Applicants are seeking graduate business degrees at a younger age in Europe, but it’s not an MBA they want. Applications to specialized master’s degree programs in everything from marketing to entrepreneurship are on the rise, while applications to MBA programs have begun to slip.
Until a few years ago, most people who applied to business school did so after four or five years in the workforce, at about age 26. Now, younger applicants all over the world are increasingly tossing their hats in the ring, and Europe is no exception. According to the Graduate Management Admission Council, which publishes the GMAT, 53 percent of western European test-takers in 2012 were younger than 25, up from 40 percent in 2008.
The biggest factor driving the change is the Bologna Process, a series of agreements starting in the late 1990s that standardized higher education qualifications among 47 countries. In much of Europe, the result was a shift from a five-year college degree combining a bachelor’s and master’s degree to two separate degrees. The increase in graduate business applications by younger applicants is, to a great extent, the result of graduates from three-year bachelor’s degree programs applying to master’s programs, without which many might be unemployable.
Applicants are inundating the programs, called “preexperience” master’s degrees to distinguish them from MBAs. According to GMAC, 24 percent of western European citizens taking the GMAT sent their score reports to such programs in 2008; four years later, 46 percent did. In 2012, 20,200 score reports were sent to MBA programs, a decline of about 3,000, or about 14 percent, from 2008. In contrast, scores sent to non-MBA master’s programs totaled 18,262 in 2012, an increase of 10,857, or 140 percent, during the same period.
At the same time, the number of specialized master’s programs in western Europe doubled. By the end of 2012, according to GMAT data, there were 399, up from 194 five years earlier.
Martin Boehm, dean of programs at IE Business School in Madrid, says the Bologna Accords, which many students initially opposed, are finally being embraced by them. Students see a specialized master’s degree as a way to differentiate themselves in a difficult job market, he says. “The way you stick out today is getting a master’s degree, ideally from a top institution with a known brand,” he says.
At ESADE in Barcelona, which offers master’s degrees in management, marketing management, science, and innovation and entrepreneurship, Cristina Olabarría, the director of admissions, says applications rose about 8 percent this year, with an average age among candidates of about 23. She says the specialized degrees serve a very different function from the MBA, and she expects about 30 percent of those who earn a master’s degree to return for an MBA. “It helps candidates as they start in the labor market,” she says of the specialized degree. “But after three, four, or five years, they are looking for a switch in their career path, and that is what the MBA can provide.”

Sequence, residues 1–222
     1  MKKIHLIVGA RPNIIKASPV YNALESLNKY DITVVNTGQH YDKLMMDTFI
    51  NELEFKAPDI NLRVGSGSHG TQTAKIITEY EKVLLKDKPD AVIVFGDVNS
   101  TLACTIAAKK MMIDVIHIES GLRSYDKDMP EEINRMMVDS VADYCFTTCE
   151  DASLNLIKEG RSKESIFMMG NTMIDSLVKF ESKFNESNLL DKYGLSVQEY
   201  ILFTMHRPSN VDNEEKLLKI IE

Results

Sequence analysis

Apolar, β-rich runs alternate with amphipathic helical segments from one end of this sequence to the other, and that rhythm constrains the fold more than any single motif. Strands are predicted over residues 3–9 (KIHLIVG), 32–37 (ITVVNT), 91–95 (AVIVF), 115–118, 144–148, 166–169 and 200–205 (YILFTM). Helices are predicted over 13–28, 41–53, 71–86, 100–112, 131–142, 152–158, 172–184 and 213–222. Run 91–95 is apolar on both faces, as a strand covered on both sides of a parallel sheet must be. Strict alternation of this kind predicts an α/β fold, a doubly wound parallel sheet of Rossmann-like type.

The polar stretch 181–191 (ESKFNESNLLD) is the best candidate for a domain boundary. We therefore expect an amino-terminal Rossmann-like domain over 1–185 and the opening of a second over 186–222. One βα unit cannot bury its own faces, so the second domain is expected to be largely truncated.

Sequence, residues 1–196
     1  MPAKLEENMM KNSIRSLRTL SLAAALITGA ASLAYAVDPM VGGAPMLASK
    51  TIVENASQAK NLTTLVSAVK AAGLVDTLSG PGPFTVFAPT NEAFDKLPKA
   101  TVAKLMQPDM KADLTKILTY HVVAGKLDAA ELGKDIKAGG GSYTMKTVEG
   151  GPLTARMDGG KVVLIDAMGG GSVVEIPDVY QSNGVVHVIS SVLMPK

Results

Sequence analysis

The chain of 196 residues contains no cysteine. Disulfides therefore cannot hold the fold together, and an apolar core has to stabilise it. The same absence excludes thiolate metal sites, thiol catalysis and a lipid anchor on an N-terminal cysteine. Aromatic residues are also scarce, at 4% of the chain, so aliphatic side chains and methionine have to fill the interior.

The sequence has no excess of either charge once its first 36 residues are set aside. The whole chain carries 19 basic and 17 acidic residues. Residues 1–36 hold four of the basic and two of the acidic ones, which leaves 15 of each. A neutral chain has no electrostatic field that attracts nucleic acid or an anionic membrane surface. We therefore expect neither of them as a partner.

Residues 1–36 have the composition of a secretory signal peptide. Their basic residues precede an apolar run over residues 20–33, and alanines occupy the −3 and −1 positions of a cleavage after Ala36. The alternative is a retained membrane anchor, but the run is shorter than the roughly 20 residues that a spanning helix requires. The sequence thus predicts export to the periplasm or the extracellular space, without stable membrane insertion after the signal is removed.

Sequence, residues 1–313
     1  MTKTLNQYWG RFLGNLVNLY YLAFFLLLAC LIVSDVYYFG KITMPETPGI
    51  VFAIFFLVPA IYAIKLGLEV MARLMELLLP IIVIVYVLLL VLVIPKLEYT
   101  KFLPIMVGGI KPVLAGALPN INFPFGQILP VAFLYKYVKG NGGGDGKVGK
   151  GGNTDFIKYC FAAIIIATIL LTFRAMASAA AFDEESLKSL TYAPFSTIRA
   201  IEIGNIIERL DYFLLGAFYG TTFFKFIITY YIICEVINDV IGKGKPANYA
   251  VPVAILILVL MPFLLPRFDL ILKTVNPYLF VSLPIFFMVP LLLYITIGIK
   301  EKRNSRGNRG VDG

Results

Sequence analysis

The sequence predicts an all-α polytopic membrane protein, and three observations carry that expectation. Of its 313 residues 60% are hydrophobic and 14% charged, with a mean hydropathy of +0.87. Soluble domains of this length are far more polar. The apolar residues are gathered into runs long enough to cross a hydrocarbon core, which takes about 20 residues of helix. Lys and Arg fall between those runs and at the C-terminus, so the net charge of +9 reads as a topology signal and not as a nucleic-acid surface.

Nunzio Quacquarelli, managing director of QS Quacquarelli Symonds, a London company that organizes the QS MBA World Tour, agrees that MBA candidates are getting older. Two years ago, according to QS survey data, the average age was 27; today it’s about 29. “What we believe is happening is that people who were taking master’s programs six or seven years ago are now looking at the MBA.”
If that’s true, the implications for growth are significant. In Germany, where interest in specialized master’s programs has exploded, enrollment in the MBA program at the European School of Management & Technology in Berlin grew 30 percent in 2013. Martha Ihlbrock, head of communications and marketing, says it’s not unreasonable to expect more interest. “Given the relatively low number of full-time MBA programs in Germany, coupled with the growing attractiveness of the country for MBA applicants, there should be room for further growth in both the MBA and master’s programs,” she says.
Not everyone believes the pie is getting bigger, particularly for master’s degrees in management programs. At INSEAD in Fontainebleau, France, Pejay Belland says someone with a master’s of finance, like the one INSEAD started this year, might eventually choose to get an MBA either to advance in his or her current position or change careers. But a master in management is more of an MBA substitute, says Belland, the school’s director of marketing, admissions, and financial aid, adding that growth in management degrees might cannibalize the MBA.
“To be perfectly honest, I wouldn’t expect someone who’s gotten a specialized master’s degree in management to come back and get an MBA later on,” she says. “I think it’s something we need to monitor.”